The Horse Soldiers

In 1959 John Ford and John Wayne, in the last of their “cavalry collaborations”, made The Horse Soldiers, a film based on Harold Sinclair’s novel of the same name published in 1956, which is a wonderful fictionalized account of Grierson’s Raid.

Perhaps the most daring and successful Union cavaly raid of the war, Colonel Benjamin Grierson, a former music teacher and band leader from Jacksonville, Illinois, who, after being bitten by a horse at a young age, hated horses, led from April 17-May 2, 1863 1700 Illinois and Iowa troopers through 600 miles of Confederate territory from southern Tennessee to the Union held Baton Rouge in Louisiana.  Grierson and his men ripped up railroads, burned Confederate supplies and tied down many times their number of Confederate troops and succeeded in giving Grant a valuable diversion as he began his movement against Vicksburg.

The video at the beginning of the post shows an interview done of Harold Sinclair during the making of the film.  Go here to read a note by Sinclair at the beginning of his novel in which he describes the liberties taken in the novel from the historical events.

John Wayne gives a fine, if surly, performance as Colonel Marlowe, the leader of the Union cavalry brigade.  William Holden as a Union surgeon serves as a foil for Wayne.  Constance Towers, as a captured Southern belle, supplies the obligatory Hollywood love interest.

Overall the film isn’t a bad treatment of the raid, and the period.  I especially appreciated two scenes.  John Wayne refers to his pre-war activities as “Before this present insanity” and Constance Towers gives the following impassioned speech:

Well, you Yankees and your holy principle about savin’ the Union. You’re plunderin’ pirates that’s what. Well, you think there’s no Confederate army where you’re goin’. You think our boys are asleep down here. Well, they’ll catch up to you and they’ll cut you to pieces you, you nameless, fatherless scum. I wish I could be there to see it.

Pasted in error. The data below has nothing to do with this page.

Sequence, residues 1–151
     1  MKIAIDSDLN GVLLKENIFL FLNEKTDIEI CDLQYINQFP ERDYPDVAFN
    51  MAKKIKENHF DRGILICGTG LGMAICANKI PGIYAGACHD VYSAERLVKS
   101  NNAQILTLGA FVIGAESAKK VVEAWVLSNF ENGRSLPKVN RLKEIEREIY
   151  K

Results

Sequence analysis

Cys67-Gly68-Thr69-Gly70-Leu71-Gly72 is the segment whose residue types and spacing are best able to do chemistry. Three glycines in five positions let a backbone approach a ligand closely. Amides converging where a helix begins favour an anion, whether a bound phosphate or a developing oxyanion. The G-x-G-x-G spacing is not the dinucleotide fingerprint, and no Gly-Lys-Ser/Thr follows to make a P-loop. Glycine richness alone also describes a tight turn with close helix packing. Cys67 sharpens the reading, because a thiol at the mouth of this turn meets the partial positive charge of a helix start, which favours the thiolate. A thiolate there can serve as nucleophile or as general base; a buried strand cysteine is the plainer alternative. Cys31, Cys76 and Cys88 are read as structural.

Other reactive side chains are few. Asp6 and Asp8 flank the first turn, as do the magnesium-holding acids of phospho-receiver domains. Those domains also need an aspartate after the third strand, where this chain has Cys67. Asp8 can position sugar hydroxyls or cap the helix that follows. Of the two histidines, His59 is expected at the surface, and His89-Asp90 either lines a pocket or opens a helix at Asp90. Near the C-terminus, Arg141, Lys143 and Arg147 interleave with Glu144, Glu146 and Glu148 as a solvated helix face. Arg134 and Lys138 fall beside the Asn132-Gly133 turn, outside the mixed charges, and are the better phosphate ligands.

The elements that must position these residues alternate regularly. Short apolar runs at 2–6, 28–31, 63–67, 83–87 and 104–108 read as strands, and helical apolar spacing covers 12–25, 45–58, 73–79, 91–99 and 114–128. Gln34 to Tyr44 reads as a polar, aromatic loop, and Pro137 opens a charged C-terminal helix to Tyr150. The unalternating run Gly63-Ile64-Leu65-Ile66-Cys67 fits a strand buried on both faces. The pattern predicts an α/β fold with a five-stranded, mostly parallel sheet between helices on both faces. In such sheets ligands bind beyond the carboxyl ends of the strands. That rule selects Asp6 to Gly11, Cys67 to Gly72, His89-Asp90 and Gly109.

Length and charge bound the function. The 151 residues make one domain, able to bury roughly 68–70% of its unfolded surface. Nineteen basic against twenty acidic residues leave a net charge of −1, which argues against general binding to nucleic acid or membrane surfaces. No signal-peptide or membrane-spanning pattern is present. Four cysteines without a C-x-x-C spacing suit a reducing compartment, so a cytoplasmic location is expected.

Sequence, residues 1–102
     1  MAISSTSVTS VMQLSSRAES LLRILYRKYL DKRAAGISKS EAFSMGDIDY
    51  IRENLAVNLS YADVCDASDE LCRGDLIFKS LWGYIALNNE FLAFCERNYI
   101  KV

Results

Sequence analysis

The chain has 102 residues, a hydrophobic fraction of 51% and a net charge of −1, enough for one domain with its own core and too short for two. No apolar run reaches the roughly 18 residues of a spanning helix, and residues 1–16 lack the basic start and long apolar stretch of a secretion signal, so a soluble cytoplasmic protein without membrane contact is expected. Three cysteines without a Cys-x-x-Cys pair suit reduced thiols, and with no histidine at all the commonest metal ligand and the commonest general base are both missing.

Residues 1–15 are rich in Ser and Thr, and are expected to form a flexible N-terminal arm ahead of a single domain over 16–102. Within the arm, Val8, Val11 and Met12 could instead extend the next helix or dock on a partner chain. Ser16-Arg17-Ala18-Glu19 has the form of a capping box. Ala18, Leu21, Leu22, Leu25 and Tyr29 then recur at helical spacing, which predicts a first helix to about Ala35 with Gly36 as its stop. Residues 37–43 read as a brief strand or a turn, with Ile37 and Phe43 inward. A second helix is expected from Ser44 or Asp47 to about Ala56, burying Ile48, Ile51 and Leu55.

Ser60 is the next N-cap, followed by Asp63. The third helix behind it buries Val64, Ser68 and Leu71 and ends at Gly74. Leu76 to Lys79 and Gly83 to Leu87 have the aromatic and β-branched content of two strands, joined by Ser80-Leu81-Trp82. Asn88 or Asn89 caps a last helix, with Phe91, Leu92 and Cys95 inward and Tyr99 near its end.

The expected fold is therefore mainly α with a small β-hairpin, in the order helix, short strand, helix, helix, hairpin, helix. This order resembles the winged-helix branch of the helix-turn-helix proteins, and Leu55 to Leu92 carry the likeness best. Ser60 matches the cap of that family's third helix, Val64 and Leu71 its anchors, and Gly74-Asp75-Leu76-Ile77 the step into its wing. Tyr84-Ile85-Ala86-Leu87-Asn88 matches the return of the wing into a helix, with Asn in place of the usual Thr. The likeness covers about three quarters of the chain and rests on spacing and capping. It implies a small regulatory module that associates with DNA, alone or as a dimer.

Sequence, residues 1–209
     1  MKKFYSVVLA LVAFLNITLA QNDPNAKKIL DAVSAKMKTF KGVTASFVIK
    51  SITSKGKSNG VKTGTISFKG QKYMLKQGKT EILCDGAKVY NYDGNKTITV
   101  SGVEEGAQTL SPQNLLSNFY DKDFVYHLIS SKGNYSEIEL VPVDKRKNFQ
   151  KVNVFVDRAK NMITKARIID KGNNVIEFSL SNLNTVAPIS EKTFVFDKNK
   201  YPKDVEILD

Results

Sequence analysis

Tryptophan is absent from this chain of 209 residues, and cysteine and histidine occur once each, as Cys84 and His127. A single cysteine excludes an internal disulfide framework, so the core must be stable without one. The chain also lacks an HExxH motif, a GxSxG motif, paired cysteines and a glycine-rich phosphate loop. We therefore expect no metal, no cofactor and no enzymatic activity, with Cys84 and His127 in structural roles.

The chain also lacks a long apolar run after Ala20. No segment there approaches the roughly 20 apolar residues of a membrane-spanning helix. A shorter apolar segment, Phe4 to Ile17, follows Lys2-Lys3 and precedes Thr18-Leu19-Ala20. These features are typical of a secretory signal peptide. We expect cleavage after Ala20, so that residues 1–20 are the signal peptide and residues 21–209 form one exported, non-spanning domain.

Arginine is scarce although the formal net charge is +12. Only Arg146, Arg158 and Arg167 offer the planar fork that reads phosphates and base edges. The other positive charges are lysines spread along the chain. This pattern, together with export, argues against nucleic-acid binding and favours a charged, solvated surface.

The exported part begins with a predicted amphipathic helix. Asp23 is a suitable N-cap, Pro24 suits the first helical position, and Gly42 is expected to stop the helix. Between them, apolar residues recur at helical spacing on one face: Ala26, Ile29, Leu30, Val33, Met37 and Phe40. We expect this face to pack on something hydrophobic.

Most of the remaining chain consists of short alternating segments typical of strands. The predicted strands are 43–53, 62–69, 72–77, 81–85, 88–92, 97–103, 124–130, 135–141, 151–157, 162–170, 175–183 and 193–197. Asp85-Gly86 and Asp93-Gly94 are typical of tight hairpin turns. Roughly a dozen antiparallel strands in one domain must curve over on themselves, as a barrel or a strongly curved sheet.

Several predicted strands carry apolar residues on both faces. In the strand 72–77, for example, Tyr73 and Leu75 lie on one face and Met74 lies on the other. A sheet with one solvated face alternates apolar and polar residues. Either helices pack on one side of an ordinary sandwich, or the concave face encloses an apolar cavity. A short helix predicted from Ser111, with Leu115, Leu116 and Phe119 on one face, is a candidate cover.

Both scenes ring home with authenticity.  Not a bad effort from the usual history manglers of Hollywood.(Although there are still errors enough, including Union soldiers worrying about being captured and sent to Andersonville prior to the POW camp being constructed by the Confederates in 1864.)

I am a fan of both the novel and the film, and I recommend both.  They do a first rate job of capturing the spirit of the times as Americans fought each other in our war without an enemy.

More to explorer


  1. Good flick!

    Most memorable scene (for me) was the military school cadets attacking the cavalry. The march up, the “Bonny Blue Flag”, the mother pulling her son out of the line, the charge, . . . The cav humanely withdrawing.

    Today, the cavalry (not tanks) squadrons (battalions), troops (companies) are serving in Afghan and Iraq. The platoon consists of four armed Hmvees: two with .50 cal.; one with auto grenade launcher; and one with a TOW missile. The troops are MOS “cavalry scout.” The officers infantry or armor. My son served with a cav platoon in Afghan.

    Greet them ever with grateful hearts.

    Our Lady of Victory, pray fro us.

  2. My little brother T.Shaw led a cav platoon in Germany in the early eighties. He always told me that you haven’t lived until you are charging down an ink black trail in a tank in the Black Forest at midnight while attempting to read a map and take a compass heading!

  3. Love this movie, Donald! Can’t say enough about it. My favorite part is when they’re hiding from the Confederates who are singing the “Bonnie Blue Flag.” I have no idea how many times I’ve seen it.

  4. I have never seen this film, but it sounds very interesting.

    OT, but I feel the need to apologize to Donald and any other AC Flatlanders. Illinois already has more than enough spineless, craven Dem politicians. You certainly don’t need our spineless, craven ones.

    Here’s my video contribution for the evening, inspired by the brave souls who courageously ran south rather than vote on the state budget:

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